Since mid-winter crossword puzzles and Spelling Bee word play have become daily activities. They’re both challenging and perplexing, while being creative and relaxing. And let me add addictive and fun. When I learned that crossword puzzles including the New York Times crossword puzzles are really just a learning experience and not an intelligence test or something for me to compare myself to, I tentatively inched up to try it. I learned other things too: there’s an art to solving crossword. Furthermore the NYT Monday crossword is the easiest one of the week and the crosswords become progressively harder as the week progresses. (The one exception is the Sunday NYT crossword. It’s more like a mid-week difficulty level crossword but it’s a little bigger in size than the daily one). While one of the tricks of the puzzle is to figure out what the clue really means, it’s still totally acceptable to look up a word or two to help solve the puzzle. So next time, if the clue comes up again, you’ve learned something new and don’t have to look it up again. To build my confidence in working the NYT crossword I’m simply concentrating on Monday puzzles for now. There’s also a mini-puzzle for each day of the week. Either one is a fun way to exercise the brain.
Puzzles were not entirely foreign to me before I tried the NYT. As noted in other blog posts at offthehook (“see “Elegant codes makes me happy”) as a former copywriter at a software firm that marketed to programmers, one of my direct response campaigns was nicknamed “Puzzles”. The series focused on the difficulty in evaluating an enterprise software technology platform.
Puzzles and being puzzled was the “big idea” which wove through the five colored mailers which were dropped (mailed) to the same audience about every three weeks over a four month period. To drive home the point, there was a 3/4” die cut of an irregular jig saw puzzle piece removed from the customized brightly colored outer mailing envelope. A colorful foam puzzle cube with company name and slogan silk screened on it was offered to generate demand along with the standard fare of application notes, case studies, industry white paper. (And like the NYT crossword puzzles, the knocked down red foam cube offered in the first mailer was the easiest one to assemble; each subsequent colored green, blue, yellow and purple puzzle cubes offered were progressively more difficult to assemble.) Overall it was an enticing psychological offer for programmers to receive given their affinity to algorithms and problem solving. There was an incentive too to collect all five puzzles and then to leave them on one’s workdesk; the messaging carried on beyond the four month cycle.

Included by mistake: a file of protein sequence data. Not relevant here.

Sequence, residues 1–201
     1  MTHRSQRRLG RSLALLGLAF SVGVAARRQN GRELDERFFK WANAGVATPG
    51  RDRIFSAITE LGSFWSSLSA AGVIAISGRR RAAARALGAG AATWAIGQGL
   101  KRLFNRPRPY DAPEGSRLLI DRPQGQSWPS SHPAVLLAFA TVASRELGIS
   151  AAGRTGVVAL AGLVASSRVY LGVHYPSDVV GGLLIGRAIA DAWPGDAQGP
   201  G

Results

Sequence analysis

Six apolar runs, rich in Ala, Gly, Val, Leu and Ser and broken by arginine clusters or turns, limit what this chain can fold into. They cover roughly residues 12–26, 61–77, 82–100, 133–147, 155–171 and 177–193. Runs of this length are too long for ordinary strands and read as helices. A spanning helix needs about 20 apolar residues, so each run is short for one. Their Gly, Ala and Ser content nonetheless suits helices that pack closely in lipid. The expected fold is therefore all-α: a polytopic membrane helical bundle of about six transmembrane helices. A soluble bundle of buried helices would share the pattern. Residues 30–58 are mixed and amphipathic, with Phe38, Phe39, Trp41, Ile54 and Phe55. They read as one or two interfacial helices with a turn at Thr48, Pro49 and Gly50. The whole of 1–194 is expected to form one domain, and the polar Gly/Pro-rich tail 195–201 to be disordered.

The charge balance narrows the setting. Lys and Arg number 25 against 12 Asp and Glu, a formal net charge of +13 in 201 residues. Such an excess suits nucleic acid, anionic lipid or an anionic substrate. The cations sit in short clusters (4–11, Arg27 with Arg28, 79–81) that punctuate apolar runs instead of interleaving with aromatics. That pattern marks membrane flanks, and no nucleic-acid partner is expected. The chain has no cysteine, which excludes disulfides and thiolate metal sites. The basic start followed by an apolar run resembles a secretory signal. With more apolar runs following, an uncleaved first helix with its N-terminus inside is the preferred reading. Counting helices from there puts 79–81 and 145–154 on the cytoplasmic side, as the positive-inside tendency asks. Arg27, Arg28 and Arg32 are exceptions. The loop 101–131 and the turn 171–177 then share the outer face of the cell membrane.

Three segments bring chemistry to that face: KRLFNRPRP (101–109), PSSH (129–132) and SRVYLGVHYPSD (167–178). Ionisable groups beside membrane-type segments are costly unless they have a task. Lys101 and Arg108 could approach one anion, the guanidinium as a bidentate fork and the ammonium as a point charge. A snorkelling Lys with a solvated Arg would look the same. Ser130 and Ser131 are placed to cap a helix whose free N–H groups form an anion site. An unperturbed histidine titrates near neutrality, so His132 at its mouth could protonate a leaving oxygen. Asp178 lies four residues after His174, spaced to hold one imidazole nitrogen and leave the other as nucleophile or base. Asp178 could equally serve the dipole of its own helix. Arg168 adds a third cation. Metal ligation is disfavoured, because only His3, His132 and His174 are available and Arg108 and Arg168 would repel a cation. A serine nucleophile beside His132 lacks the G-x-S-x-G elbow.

Later in my career I kept on running into puzzles. I worked for a small family-owned and operated niche database publishing company. My supervisor was the great grandson of Lester Schuster of Simon & Schuster, the well-known publishers. S&S published the first collection of crossword puzzles in 1924. (The first crossword puzzle originally known as “word cross” puzzles were invented by an Arthur Wynn in 1913.)
The other game I really like is the NYT Spelling Bee. It’s a puzzle whereby you make words from a set of 7 unique letters. The letters are pictured in an oval sort of shaped like a donut. In the center of the oval space is a unique letter colored in yellow. The other six letters are set around it. You create words that must include the center letter. Words must be at least four letters in length. Letters may be duplicated in forming a word. One other fact: the letters are not entirely randomly chosen because each 7 letters can be arranged into a real pangram, a seven letter word. In the digital version points are earned based on the length of words created and a ranking is assigned as your point total increases. Four letter words earn 1 point, 5 letter words earn 5 points, and the pangram earns 15 points.
In my family of origin word play and mental arithmetic was shared by my brother. Around age 11 or 12, he could recite up to 40 different nouns given in random order, ie #13: house, #26: gorilla, #7: table. Using a mnemonic method he could recite them back in order from 1 to 40. There was also a time about a year or two later when he was enthralled with learning polysyllabic words and using them in regular conversations. Just for sport he would use words like “supererogatorily” in conversation as if the rest of us instinctually knew what it meant. This word is particularly interesting because it’s sixteen letters make it the longest word in the English language that alternates consonants and vowels.
Today I’m not so much enthralled by words like “supererogatorily” (and not because I can hardly pronounce it) but words like “qi”, “qat”, “qirsh”, “qabbalah” and “yaqona” which are a few of the rare “q words” that do not follow the norm we learned in school that “q” is always followed by a “u”. These new “q words” learned may help me solve a crossword. Bring it on!